Gut-wrenching and Compelling Story Telling: LUCY @ Delaware Theatre Company

by Ellen Wilson Dilks

Autism is a developmental disorder that appears in the first 3 years of life, and affects the brain’s normal development of social and communication skills. This is the world that the Delaware Theatre Company is exploring in the area premiere of LUCY by Damien Atkins.

Lucy and Vivian meet with Dr. Morris. (from right) Andrea Green, Ross Beschler, and Kate Eastwood Norris. Photo credit: Matt Urban.

Autism is diagnosed in 1 in every 110 children born today—up from the 1 in 2,500 cited in a study ten years ago. Boys are four times more likely to be affected than girls. And there is much controversy and debate over the cause of the disorder. Mr. Atkins wrote the play as a result of character research he did for a role he was portraying. Throughout the writing process, he constantly consulted with experts and families dealing with autistic children; he wanted to get it right. And he has done an excellent job, creating a solid piece of great storytelling. DTC is the second company to produce the play, following its premiere at the Ensemble Studio Theatre in New York City.

The titular character is a 13-year-old girl being raised by her devoted father, Gavin, somewhere in the western part of the U.S. He has gotten Lucy accepted to a prestigious special school in the East, near her mother’s home. He asks his ex-wife to take Lucy for a year so the girl can get the advanced treatment she needs. Lucy’s mother, Vivian, is a brilliant anthropologist who is totally absorbed in herself and her work; she has no maternal instincts and left her daughter when she was quite young to spend years on a dig in Africa.

Forced into caring for Lucy, Vivian is at a total loss as to what to do; her research assistant, Julia, is able to connect with Lucy instantly, much to Vivian’s surprise. Caring for her daughter brings many of Vivian’s own insecurities and fears to the surface and she starts to crumble. Ever the scientist, Vivian distrusts what Lucy’s therapist is recommending and rather than stick to the highly structured day that her ex-husband mapped out—and the therapist wholly endorses—she starts encouraging Lucy’s “acting out.”

Andrea Green tackles the difficult role of Lucy. In addition to portraying autism accurately, she also serves as the narrator of the piece, taking the audience inside Lucy’s head. Ms. Green is wonderful at these challenging transitions in and out of Lucy’s autistic behaviors. She instantly endears herself to the audience during her speeches directly to us. Then smoothly morphs into a scene with the skill of a seasoned actor. Kate Eastwood Norris is compelling as Vivian, deftly navigating the character’s difficult arc. Initially, Vivian is a bit off-putting, but Ms. Norris endows her with a humor and vulnerability that wins the viewer over. She is not afraid of the darker aspects of Vivian’s character.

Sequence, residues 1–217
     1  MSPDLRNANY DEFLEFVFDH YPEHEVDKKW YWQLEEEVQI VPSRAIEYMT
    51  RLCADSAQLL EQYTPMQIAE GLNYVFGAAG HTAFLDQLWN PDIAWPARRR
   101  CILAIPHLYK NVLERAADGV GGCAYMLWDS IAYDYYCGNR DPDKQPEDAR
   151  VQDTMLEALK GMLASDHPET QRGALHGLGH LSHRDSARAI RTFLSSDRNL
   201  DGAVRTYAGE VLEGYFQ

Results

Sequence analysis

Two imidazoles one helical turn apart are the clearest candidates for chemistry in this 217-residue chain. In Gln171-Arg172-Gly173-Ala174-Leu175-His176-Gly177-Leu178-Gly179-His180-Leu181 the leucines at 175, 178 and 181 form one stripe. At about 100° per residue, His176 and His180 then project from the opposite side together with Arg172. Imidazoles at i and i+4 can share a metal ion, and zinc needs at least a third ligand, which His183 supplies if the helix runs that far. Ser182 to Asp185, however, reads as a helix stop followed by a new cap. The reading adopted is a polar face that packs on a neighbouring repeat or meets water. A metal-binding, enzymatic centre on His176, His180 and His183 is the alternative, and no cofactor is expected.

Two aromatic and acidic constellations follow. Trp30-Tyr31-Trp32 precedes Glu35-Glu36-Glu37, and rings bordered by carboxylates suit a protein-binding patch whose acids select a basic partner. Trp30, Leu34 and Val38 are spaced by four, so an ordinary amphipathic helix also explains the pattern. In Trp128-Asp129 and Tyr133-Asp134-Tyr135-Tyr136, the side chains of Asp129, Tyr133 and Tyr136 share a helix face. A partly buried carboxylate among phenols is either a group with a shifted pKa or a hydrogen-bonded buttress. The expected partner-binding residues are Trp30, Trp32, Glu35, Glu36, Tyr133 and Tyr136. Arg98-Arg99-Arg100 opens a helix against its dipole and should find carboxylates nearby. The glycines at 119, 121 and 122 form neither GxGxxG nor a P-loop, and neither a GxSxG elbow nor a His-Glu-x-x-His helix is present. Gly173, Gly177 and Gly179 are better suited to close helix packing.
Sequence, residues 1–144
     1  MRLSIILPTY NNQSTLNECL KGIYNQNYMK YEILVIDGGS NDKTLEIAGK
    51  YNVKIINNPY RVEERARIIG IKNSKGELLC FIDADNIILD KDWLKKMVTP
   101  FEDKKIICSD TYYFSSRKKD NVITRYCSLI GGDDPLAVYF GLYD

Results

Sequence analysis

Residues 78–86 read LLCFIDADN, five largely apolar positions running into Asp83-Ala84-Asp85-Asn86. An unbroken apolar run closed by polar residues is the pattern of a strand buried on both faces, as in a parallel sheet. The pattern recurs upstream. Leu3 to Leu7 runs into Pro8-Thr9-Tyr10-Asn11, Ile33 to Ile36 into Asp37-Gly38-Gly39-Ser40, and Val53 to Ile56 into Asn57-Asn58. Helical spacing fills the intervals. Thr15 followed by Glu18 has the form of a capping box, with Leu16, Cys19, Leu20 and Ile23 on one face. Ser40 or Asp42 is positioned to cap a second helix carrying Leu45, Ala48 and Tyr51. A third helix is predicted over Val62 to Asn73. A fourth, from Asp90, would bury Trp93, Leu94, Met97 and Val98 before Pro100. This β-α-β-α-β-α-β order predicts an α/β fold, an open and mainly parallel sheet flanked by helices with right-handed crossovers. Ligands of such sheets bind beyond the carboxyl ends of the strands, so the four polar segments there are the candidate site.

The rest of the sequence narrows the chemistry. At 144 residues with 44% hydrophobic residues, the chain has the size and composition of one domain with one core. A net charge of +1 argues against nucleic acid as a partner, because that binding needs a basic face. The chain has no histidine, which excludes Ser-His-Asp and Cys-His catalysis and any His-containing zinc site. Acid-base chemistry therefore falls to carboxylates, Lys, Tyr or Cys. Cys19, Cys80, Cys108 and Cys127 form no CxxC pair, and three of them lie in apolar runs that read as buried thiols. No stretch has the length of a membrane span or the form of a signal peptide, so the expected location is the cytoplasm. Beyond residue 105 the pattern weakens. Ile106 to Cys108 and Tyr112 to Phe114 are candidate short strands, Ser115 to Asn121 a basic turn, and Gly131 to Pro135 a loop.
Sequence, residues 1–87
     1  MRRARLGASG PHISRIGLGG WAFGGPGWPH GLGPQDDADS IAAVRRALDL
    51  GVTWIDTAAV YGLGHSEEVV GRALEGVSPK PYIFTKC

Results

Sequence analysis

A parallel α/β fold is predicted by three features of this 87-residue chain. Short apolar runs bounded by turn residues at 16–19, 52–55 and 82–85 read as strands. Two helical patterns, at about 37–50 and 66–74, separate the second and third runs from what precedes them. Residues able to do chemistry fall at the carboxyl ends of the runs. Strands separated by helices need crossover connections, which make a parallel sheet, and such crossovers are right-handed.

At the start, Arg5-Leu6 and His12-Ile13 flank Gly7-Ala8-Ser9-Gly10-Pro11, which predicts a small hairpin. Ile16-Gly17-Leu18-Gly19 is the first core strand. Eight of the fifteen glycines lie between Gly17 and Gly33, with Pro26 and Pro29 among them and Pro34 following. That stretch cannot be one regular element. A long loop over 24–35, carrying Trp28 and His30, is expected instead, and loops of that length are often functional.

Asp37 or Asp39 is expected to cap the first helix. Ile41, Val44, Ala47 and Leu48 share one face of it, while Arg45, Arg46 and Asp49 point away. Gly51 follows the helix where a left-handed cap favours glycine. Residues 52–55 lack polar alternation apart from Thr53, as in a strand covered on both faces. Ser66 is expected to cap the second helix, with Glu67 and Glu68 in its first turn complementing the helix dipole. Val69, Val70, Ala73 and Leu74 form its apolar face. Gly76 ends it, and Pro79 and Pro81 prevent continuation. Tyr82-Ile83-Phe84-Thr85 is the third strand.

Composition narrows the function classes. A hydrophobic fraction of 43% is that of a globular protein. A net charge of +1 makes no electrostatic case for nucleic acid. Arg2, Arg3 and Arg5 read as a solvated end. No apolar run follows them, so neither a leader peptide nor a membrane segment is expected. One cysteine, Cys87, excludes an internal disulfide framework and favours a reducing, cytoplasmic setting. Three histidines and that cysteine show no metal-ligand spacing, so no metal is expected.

Supporting these two are Karen Peakes as Julia (she is lovely as the caring and supportive assistant, and brings an energy to each scene she’s in), Charlie DelMarcelle as Lucy’s dad, Gavin (always a solid and gifted performer, he does not disappoint here; his portrayal of a loving and dedicated father is spot-on) and Ross Beschler as Morris— Lucy’s therapist (he strikes just the right balance between humor and genuine concern for his patient).

Director David Stradley has paced the play wonderfully, allowing the humor and pathos to share the stage. Strong and evocative design work adds much to the production. Alexis Distler’s set shows the frame of a typical suburban home, with Lucy’s therapist’s office sharing the space. It is a fascinating study of angles and connections—a perfect metaphor for the play’s story. Rosemarie McKelvey’s costuming complements each character and helps add to the feel of the story. The lighting design by Joshua Schulman includes an amazing gobo effect that creates Lucy’s African-like drawings on the walls of the stage and the theatre. Add to this Fabian Obisbo’s beautifully lyrical sound design and the viewer is totally drawn into the world of the play.

This is a complex and thought-provoking play that does not wrap everything up in a neat little package for the audience. One is left with many questions at the end, but isn’t that what good theatre should do? Start the conversation?

by Damien Atkins
Directed by David Stradley
January 19 – February 6, 2011
Delaware Theatre Company
200 Water Street
Wilmington, DE 19801

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